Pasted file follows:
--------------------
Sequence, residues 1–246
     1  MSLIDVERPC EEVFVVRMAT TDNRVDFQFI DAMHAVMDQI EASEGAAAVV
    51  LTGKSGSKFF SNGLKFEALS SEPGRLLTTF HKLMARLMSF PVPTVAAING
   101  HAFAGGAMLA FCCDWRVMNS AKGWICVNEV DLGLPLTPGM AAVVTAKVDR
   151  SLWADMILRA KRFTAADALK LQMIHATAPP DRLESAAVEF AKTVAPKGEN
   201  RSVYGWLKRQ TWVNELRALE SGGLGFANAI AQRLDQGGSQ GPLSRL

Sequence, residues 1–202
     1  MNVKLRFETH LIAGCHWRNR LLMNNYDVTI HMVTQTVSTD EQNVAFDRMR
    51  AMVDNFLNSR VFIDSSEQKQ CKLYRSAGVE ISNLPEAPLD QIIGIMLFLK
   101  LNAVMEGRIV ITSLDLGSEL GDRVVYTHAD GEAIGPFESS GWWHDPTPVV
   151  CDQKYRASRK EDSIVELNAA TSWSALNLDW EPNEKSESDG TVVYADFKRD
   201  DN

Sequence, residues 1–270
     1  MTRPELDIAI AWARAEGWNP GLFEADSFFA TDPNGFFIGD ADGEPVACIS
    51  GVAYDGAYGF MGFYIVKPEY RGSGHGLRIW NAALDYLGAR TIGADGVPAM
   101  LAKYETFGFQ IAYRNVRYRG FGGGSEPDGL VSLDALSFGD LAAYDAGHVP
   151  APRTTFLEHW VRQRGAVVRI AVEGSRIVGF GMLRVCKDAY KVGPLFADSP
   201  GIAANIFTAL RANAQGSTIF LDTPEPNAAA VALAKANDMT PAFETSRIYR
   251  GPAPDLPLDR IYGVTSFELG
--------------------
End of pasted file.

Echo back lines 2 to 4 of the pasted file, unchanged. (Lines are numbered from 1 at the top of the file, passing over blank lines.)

     1  MSLIDVERPC EEVFVVRMAT TDNRVDFQFI DAMHAVMDQI EASEGAAAVV
    51  LTGKSGSKFF SNGLKFEALS SEPGRLLTTF HKLMARLMSF PVPTVAAING
   101  HAFAGGAMLA FCCDWRVMNS AKGWICVNEV DLGLPLTPGM AAVVTAKVDR